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The “Claire Weekes” Approach to Anxiety

Dr. Claire Weekes, an Australian medical health practitioner who lived between 1903 and 1990, had some revolutionary ideas about anxiety that are still noted today for being ahead of their time. The books she wrote on the nature of anxiety, which also included the details of the simple exercises she used to treat both her patients’ anxiety and her own, are still sold today.

This article will provide an overview of the theory and some of the exercises outlined by Dr. Claire Weekes.

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Claire Weekes’ Anxiety Theory

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Dr. Claire Weekes distrusted the methods of psychoanalysis being used during her lifetime. She wanted simpler explanations for anxiety that did not involve sifting through childhood to latch onto (or in some cases, imagine or create) any event that could be blamed for the disorder. She also wanted a treatment that did not involve focusing all one’s attention on changing beliefs and feelings surrounding that event, when the event might not even have to do with the disorder.

Claire Weekes wrote 5 books over the course of her lifetime.

  • Self Help For Your Nerves a.k.a. Hope and Help for Your Nerves (1962)
  • Peace from Nervous Suffering (1972)
  • Simple Effective Treatment of Agoraphobia (1976)
  • More Help for Your Nerves (1984)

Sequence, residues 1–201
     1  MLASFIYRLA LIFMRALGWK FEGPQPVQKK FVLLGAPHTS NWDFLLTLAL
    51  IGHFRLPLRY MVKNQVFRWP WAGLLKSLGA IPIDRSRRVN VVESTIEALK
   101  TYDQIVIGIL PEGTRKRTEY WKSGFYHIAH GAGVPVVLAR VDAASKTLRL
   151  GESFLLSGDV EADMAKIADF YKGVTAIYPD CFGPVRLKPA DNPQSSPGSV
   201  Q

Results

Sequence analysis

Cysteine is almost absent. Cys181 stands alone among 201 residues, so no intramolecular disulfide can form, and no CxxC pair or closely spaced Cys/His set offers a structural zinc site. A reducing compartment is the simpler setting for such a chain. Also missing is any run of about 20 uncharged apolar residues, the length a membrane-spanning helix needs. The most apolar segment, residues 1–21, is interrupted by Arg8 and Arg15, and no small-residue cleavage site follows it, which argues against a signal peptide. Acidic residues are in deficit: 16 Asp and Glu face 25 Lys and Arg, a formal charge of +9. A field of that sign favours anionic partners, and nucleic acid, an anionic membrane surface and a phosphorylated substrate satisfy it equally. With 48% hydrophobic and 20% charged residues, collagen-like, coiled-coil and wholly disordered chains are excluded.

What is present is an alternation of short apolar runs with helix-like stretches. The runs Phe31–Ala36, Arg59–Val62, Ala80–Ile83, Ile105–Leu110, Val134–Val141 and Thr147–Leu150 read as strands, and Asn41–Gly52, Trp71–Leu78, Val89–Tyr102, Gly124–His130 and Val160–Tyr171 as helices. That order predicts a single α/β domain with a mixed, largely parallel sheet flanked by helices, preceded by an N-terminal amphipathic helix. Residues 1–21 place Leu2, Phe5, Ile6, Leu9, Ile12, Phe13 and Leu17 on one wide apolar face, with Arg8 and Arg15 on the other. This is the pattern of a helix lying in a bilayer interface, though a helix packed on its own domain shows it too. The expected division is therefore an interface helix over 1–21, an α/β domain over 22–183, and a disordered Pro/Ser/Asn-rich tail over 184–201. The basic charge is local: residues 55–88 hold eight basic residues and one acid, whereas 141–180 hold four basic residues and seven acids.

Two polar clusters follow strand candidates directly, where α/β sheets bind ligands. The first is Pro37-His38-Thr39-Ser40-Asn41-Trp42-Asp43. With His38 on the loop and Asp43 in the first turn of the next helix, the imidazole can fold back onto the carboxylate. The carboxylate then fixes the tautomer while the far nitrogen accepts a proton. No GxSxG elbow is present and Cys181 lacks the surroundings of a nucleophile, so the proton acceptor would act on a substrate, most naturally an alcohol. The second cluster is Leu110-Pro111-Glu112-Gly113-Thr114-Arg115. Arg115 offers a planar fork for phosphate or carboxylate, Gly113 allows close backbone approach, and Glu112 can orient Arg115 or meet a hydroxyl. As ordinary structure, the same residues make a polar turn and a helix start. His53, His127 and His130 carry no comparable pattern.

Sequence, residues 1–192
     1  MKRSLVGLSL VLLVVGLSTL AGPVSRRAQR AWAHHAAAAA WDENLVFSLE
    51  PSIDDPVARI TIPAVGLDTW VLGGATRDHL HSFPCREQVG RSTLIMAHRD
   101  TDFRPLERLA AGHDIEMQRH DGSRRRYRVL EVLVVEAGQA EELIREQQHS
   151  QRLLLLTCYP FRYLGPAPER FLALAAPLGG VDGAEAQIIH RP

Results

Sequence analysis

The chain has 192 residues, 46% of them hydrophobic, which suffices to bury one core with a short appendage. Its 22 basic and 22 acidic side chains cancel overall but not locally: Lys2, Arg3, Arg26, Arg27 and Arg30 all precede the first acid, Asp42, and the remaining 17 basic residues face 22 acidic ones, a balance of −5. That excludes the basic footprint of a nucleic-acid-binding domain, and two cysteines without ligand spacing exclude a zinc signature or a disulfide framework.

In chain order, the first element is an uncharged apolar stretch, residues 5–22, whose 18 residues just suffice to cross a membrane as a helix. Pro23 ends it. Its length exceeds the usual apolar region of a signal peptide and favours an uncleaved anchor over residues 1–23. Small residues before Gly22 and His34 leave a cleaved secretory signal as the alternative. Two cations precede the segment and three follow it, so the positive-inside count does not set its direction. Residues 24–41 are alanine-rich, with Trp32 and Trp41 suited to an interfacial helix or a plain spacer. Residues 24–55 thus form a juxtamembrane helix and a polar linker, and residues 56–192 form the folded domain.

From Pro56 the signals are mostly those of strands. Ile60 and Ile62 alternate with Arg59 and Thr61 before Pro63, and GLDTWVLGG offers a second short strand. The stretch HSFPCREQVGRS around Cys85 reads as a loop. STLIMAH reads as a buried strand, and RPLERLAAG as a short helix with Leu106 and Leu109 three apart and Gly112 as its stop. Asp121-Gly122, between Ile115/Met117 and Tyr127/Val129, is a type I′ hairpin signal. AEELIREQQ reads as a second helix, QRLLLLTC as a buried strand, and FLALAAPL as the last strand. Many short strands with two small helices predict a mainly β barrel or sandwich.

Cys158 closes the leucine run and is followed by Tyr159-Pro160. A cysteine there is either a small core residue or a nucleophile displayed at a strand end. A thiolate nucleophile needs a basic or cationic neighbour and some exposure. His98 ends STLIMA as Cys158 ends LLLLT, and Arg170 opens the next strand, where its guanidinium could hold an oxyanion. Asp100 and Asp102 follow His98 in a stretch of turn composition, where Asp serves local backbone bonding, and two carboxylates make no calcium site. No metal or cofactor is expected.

• The Latest Help for Your Nerves (1989)

Her first book sold over 300,000 copies and had been translated into eight languages. Her worldwide TV and radio appearances were eventually compiled into audio and video files, which can still be accessed today.

The main principles of Dr. Claire Weekes’ anxiety theory are as follows:

  • Anxiety as Natural vs. Flaw/Disability Weekes described people who suffered from anxiety disorders, including herself, as “highly sensitized.” This meant that they possessed a natural sensitivity to the world, rather than necessarily having a traumatic past or a flawed personality.
  • Habit Change Weekes noted that highly sensitized people regularly engage in “fear-avoidance,” which she believed was an unnecessary habit. She also believed in the existence of destructive thought patterns. Addressing bad habits and destructive thought patterns were fundamental to her practice. These types of treatment were seen as refreshingly straightforward and simple, as opposed to popular psychiatry’s preference for in-depth analysis of a person’s childhood.
  • The 3 “Pitfalls” of Anxiety Weekes noted that anxiety, or “nervous illness” (as she preferred to call it, due to her preference for less clinical terms) was cyclical in nature, consisting of 3 “pitfalls” that perpetuate it. These three pitfalls included “sensitization, “bewilderment,” and “fear.” Sensitization, as already noted, was the general state of the anxiety sufferer, in which the sympathetic nervous system is highly active and responsive, resulting in persistent nervousness. The second pitfall, bewilderment, was a state of confusion and distress due to the general nervousness caused by sensitization. The third pitfall, fear, was believed by Weekes to result from the discomfort caused by the two preceding pitfalls, and eventually to be a reaction to the fear itself, forming a closed loop.
  • Acceptance vs. Rejection of Panic Allowing the feelings of panic to occur within the body rather than constantly struggling to fight them was fundamental to Weekes’ anti-anxiety strategy (which will be discussed in more detail in the section below).